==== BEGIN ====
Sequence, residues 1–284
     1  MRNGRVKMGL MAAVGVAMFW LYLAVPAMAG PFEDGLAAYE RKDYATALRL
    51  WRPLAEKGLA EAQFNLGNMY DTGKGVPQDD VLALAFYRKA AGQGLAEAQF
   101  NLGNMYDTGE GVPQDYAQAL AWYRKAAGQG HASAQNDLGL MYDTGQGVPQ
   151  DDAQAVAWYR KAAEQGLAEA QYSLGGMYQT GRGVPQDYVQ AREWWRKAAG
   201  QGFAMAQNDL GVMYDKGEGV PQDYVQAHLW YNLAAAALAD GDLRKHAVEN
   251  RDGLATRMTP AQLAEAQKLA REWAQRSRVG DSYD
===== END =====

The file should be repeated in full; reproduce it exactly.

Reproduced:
Sequence, residues 1–284
     1  MRNGRVKMGL MAAVGVAMFW LYLAVPAMAG PFEDGLAAYE RKDYATALRL
    51  WRPLAEKGLA EAQFNLGNMY DTGKGVPQDD VLALAFYRKA AGQGLAEAQF
   101  NLGNMYDTGE GVPQDYAQAL AWYRKAAGQG HASAQNDLGL MYDTGQGVPQ
   151  DDAQAVAWYR KAAEQGLAEA QYSLGGMYQT GRGVPQDYVQ AREWWRKAAG
   201  QGFAMAQNDL GVMYDKGEGV PQDYVQAHLW YNLAAAALAD GDLRKHAVEN
   251  RDGLATRMTP AQLAEAQKLA REWAQRSRVG DSYD